Those student-of-the-month bumper stickers popular with the SUV set once annoyed me.
I found them too boastful.
What's next, I thought, affixing your kid's MBA to the back window?
That is until I became a, um, "proud parent." My kindergartner came home last week announcing that she was named Student of the Month.
In fact, her glorious bumper sticker hid in a folder behind assorted items trumpeting her achievement. Best among them: a certificate, complete with gold seal, confirming her genius. Then there was a coupon for a free pizza. And, rather impressively, an invitation to lunch with the principal.
But after we ate our free pie and heard all about lunch on the school lawn with the big man, that sticker remained unstuck on the dining room table. But we couldn't shake it. It's as if it was trying to will itself onto one of our bumpers.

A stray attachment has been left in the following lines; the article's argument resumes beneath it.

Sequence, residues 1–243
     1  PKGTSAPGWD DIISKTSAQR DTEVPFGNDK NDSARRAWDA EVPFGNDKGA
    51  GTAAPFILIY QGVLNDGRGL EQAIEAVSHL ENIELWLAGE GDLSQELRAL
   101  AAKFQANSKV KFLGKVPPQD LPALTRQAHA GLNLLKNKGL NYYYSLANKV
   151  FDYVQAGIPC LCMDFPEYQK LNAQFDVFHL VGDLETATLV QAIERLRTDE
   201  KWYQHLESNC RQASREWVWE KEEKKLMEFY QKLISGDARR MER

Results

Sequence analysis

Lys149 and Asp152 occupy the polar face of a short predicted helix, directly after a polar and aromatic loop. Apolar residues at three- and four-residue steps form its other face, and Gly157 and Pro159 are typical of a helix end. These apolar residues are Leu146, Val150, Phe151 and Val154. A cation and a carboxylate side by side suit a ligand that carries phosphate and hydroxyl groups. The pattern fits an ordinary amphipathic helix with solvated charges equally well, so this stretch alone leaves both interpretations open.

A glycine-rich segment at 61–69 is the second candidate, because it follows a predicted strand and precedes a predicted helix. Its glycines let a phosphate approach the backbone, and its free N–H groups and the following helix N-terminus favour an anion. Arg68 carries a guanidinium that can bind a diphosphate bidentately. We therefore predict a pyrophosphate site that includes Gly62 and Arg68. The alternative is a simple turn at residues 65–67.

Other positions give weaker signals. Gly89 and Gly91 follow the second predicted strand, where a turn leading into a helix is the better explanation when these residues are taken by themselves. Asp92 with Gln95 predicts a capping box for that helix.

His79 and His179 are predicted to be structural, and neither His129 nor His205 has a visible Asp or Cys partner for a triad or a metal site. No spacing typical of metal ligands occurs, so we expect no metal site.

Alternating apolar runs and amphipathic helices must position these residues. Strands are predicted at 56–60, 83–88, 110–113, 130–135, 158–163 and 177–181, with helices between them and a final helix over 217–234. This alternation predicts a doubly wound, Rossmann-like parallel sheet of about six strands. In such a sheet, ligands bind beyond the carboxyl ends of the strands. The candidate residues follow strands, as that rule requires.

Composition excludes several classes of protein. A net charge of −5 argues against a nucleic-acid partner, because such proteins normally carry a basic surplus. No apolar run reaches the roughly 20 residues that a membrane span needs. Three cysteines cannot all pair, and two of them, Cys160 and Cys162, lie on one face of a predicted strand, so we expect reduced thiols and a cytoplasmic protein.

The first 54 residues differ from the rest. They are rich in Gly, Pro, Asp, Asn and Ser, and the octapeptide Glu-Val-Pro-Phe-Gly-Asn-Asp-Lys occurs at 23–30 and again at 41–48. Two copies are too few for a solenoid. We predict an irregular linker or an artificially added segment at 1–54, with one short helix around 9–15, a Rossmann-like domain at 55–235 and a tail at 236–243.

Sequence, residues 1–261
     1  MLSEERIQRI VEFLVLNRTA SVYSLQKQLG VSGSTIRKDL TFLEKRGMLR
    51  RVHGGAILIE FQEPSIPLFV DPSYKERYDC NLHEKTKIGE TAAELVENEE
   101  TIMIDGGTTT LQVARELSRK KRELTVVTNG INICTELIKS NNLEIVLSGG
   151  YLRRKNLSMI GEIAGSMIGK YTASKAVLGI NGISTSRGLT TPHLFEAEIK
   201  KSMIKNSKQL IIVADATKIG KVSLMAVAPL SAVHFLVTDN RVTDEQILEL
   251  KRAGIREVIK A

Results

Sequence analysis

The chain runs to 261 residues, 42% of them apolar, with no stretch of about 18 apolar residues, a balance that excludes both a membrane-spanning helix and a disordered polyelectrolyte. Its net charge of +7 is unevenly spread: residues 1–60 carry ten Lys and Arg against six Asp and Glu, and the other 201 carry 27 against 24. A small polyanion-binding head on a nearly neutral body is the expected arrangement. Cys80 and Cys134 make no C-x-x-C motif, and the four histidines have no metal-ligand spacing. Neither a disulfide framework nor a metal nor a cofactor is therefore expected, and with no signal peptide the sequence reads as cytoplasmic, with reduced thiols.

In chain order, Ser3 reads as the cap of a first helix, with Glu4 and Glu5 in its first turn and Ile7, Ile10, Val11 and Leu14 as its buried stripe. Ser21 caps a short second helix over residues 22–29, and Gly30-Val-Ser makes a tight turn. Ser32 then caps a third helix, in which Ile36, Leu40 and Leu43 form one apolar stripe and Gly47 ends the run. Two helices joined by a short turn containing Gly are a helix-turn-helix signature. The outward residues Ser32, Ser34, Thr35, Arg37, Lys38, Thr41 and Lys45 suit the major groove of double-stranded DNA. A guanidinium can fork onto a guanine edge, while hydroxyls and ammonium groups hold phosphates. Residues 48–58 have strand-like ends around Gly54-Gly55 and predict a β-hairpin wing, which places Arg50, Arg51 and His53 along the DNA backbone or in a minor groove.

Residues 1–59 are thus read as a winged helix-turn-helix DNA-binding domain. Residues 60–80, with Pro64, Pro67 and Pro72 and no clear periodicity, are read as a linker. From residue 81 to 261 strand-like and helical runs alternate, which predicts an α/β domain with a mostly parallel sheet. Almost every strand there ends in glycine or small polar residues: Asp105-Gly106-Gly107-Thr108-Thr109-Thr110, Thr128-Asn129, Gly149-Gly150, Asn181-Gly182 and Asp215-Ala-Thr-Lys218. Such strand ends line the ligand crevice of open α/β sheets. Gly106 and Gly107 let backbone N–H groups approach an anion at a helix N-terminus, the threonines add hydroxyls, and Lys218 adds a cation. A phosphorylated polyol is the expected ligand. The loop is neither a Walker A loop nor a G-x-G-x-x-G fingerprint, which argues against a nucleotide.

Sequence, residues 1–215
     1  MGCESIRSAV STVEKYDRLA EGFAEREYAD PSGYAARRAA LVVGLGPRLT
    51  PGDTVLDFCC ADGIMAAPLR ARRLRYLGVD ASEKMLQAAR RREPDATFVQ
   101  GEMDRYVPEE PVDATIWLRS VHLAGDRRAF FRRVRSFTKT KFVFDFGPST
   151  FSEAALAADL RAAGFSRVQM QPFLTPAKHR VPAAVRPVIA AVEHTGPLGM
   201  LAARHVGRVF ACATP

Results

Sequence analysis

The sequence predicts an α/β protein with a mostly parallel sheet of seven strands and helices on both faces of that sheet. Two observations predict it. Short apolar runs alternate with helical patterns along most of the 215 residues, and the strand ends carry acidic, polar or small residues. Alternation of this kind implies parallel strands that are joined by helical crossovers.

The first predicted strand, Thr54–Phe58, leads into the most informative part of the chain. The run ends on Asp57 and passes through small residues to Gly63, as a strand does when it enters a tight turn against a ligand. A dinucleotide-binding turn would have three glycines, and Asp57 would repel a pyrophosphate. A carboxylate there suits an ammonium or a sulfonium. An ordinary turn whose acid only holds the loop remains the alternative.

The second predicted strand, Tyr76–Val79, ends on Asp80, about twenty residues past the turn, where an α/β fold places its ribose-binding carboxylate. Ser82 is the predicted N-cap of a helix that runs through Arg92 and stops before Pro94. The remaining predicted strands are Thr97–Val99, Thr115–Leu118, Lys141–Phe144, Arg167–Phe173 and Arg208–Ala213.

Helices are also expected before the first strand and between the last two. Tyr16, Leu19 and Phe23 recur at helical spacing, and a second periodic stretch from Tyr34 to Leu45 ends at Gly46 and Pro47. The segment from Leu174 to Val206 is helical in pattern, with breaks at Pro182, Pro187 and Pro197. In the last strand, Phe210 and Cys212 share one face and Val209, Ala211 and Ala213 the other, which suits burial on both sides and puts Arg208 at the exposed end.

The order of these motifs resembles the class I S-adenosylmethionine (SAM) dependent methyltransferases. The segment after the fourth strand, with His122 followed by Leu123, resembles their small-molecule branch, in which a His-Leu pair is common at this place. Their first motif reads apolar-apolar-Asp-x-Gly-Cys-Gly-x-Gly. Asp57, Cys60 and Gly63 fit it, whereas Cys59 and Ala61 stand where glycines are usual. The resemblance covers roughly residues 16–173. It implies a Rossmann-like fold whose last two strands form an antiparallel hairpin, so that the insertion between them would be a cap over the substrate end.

My daughter inquired about when we would be displaying her achievement on our cars.
I made eye contact with my wife, which is how parents often speak to each other in front of kids, unsure of how to reply.
My wife took the lead, saying she would affix the sticker to her car, clearly sparing my image.
"When?" my daughter asked.
"Soon," my wife said.
I am pretty sure she meant it, but so far the sticker is still affixed to its wax paper backing instead of her mint-green bumper.
We are no longer too cool for bumper stickers, but we struggle with boasting. My wife was raised in a proper house and taught not to brag. I grew up in a Catholic home where boasting resulted in a trip to the confessional.
So it's in neither of our natures to say, "Look at me," and even less so to say, "Look at my kid."
But is it wrong to brag about your kid's achievements?
Of course not. Those stickers, it turns out, are more for the children than they are for the parents (I think).
And what do you do when your little one wants you to show the world how proud you are?
You do what most parents do and stick that sticker on your car.
JOHN CANALIS is the editor for the Daily Pilot, Laguna Beach Coastline Pilot and Huntington Beach Independent. He can be reached at (714) 966-4607 and email@example.com.